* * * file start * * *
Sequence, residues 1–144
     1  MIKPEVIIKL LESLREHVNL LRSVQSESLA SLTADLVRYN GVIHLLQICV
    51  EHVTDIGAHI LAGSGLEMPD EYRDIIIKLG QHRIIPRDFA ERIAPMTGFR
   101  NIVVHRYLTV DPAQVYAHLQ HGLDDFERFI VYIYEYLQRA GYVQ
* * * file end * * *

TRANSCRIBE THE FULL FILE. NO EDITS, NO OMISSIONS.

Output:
Sequence, residues 1–144
     1  MIKPEVIIKL LESLREHVNL LRSVQSESLA SLTADLVRYN GVIHLLQICV
    51  EHVTDIGAHI LAGSGLEMPD EYRDIIIKLG QHRIIPRDFA ERIAPMTGFR
   101  NIVVHRYLTV DPAQVYAHLQ HGLDDFERFI VYIYEYLQRA GYVQ